Dan and Mike, thanks for commenting.
Mike, Chen Xiang is the former baji guy who is now a disciple of Feng Zhiqiang. CX put in 16 years or so of hard bajiquan training under Ma Yintu from Cangzhou. After that kind of training, one has to wonder how "former" his baji is. Feng himself put in some hard years of training in tongbeiquan and xingyiquan before becoming a disciple of Chen Fake. CX seemed very skilled and smooth in his chansi and application, but that's judging from my comparatively low level.
Feng definitely added in many basic training elements of his own in compiling his (still-evolving) Hunyuan derivation of Chen taijiquan. Just comparing Feng's silk-reeling exercises with Chen Xiaowang's silk-reeling drills, in my experience there is considerable difference. Feng's silk-reeling focuses on loosening the "18 balls" or major joints of the body. CXW's silk-reeling drills, fewer in number, train more of the movement of the whole frame, coordinated with weight shifting. It's easier to translate CXW's silk-reeling drills into the solo form sequences. It's easier to translate Feng's silk-reeling drills into individual applications.
In my time training Chen taijiquan, though, I didn't encounter basic training making systematic use of contradictory tensions like Aunkai does. I'd have to agree that there does seem to be a closer similarity in training method between Aunkai and some southern CMA methods like Hunggar's Iron Wire set (cf. http://youtube.com/watch?v=M02E5hXLmeI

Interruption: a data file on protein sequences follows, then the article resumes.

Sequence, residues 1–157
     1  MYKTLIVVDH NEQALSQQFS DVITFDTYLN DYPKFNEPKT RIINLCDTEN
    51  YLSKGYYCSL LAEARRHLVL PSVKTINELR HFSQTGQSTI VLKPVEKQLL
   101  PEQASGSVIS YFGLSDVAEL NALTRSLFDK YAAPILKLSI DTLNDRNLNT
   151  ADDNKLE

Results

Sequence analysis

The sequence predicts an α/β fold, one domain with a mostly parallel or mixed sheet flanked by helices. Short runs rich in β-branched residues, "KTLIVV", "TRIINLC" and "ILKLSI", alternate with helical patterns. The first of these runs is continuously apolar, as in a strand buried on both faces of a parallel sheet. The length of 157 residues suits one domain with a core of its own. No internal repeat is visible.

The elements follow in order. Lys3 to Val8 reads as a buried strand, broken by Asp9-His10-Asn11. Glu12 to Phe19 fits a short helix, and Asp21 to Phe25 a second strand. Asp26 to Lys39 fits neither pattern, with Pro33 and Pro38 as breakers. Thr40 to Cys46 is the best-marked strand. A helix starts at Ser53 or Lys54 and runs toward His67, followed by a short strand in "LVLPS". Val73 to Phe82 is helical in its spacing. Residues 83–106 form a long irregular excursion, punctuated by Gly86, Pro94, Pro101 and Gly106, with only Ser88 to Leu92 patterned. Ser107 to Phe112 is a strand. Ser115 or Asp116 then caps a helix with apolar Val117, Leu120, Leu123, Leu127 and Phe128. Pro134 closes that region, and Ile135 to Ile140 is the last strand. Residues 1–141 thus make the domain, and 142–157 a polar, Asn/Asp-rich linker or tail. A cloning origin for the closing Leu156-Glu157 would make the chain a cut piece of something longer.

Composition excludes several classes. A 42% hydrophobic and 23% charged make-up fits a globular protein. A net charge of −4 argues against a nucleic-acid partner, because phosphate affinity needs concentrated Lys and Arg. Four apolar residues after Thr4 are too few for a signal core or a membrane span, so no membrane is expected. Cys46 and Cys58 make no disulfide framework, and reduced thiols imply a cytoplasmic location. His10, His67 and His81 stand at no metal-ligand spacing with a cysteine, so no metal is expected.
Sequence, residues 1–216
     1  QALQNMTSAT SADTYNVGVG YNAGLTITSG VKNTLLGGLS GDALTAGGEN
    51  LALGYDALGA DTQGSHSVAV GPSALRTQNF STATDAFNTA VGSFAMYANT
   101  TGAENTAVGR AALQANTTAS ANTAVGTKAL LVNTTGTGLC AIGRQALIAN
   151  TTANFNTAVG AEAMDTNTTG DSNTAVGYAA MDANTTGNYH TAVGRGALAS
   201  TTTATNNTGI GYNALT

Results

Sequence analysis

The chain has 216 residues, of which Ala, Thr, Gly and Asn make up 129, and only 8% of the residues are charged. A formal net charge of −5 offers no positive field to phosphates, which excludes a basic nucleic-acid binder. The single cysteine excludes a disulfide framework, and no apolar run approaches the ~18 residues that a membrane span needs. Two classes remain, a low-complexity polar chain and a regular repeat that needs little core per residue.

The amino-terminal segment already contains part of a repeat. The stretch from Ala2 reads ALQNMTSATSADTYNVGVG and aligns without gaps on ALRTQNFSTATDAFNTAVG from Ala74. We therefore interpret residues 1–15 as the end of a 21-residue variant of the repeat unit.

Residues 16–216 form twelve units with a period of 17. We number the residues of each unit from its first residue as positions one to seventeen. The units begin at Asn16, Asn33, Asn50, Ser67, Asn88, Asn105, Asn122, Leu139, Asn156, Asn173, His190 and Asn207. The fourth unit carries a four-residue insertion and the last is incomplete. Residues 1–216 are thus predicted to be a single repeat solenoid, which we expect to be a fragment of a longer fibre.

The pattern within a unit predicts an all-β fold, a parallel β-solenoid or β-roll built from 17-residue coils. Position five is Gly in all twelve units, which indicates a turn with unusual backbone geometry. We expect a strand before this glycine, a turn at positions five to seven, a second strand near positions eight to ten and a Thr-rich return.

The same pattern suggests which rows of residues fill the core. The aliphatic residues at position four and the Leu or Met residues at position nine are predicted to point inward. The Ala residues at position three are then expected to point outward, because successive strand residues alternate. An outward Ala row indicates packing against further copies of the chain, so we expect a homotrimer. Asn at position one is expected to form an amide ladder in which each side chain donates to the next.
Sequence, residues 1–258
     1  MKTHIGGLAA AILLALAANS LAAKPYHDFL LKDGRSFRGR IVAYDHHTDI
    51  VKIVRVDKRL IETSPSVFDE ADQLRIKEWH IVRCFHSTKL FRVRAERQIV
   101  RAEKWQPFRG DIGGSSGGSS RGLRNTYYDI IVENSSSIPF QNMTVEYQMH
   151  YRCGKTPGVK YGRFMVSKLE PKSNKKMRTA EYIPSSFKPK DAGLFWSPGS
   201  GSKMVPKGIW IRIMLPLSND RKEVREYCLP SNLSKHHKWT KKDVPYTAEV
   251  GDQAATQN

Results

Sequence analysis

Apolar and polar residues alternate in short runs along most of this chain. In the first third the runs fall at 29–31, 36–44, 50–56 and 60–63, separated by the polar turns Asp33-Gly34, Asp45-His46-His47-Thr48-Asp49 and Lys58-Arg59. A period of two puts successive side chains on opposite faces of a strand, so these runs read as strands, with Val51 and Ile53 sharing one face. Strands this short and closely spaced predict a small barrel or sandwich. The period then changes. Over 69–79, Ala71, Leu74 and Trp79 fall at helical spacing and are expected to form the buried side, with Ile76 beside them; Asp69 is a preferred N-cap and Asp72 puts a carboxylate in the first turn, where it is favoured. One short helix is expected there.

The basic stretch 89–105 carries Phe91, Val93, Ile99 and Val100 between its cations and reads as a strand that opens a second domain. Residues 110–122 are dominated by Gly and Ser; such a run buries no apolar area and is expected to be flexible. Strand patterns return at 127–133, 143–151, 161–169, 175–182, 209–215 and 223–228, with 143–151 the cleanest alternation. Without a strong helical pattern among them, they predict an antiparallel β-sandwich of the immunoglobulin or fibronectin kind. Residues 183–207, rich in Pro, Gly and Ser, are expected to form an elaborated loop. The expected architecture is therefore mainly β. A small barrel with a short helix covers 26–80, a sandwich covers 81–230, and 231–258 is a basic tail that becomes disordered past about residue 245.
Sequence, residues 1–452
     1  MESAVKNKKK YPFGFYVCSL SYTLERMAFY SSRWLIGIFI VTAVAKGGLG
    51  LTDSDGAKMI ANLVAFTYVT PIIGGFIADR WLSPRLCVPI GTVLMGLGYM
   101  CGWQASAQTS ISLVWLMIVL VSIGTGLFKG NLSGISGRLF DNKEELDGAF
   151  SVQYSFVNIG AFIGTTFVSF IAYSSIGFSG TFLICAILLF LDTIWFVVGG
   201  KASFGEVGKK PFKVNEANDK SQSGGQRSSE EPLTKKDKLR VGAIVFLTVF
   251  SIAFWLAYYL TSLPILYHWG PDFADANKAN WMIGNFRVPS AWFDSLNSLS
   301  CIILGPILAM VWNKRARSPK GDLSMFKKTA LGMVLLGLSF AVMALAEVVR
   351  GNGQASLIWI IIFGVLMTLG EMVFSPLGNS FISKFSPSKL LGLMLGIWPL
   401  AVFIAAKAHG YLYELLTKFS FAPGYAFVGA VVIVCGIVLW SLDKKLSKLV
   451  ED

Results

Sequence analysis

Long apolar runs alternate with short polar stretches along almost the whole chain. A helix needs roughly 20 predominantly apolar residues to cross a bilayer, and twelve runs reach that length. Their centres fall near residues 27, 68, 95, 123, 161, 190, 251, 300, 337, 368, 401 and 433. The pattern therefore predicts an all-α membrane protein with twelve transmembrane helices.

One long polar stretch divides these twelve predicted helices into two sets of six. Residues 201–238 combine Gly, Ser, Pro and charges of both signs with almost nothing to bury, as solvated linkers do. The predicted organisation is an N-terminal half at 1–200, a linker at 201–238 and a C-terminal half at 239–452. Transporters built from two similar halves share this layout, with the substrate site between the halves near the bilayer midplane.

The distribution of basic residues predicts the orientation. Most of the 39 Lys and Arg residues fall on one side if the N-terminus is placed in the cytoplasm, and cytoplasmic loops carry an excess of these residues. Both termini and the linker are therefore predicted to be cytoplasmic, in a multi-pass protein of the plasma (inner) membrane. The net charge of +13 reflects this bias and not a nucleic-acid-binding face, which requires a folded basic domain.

) or the Yijinjing mentioned earlier (cf. http://youtube.com/watch?v=Y72-29g7Tes
) than between Aunkai and Chen taiji training methods.
At a basic level, the "cross" and other lines of tension trained in the handful of Aunkai basic exercises I was introduced to are not found in Chen taiji. Likewise, chansi training is not found in the little bit of Aunkai I've been exposed to. The training and use of the dantien area is different as well, as Dan noted earlier.
Externally, training methods may differ but still make use of the same internal elements--fascia, breathing, etc.--and perhaps wind up supporting some of the same skill sets. Chris Moses reflected on the "Baseline Skillset" thread how, after some months training with Aunkai basic exercises, he could intuitively understand or feel the internal movement that a local Chen taiji teacher was showing his aikijujutsu group.
On the other hand, an external training drill may resemble an exercise in another art but internally be quite different. As Dan noted, that's where the hands-on experience and training time come in. Video clips and detailed descriptions may point the way or mislead . . . it's the limits of the medium.
Thanks for contributing to the thread.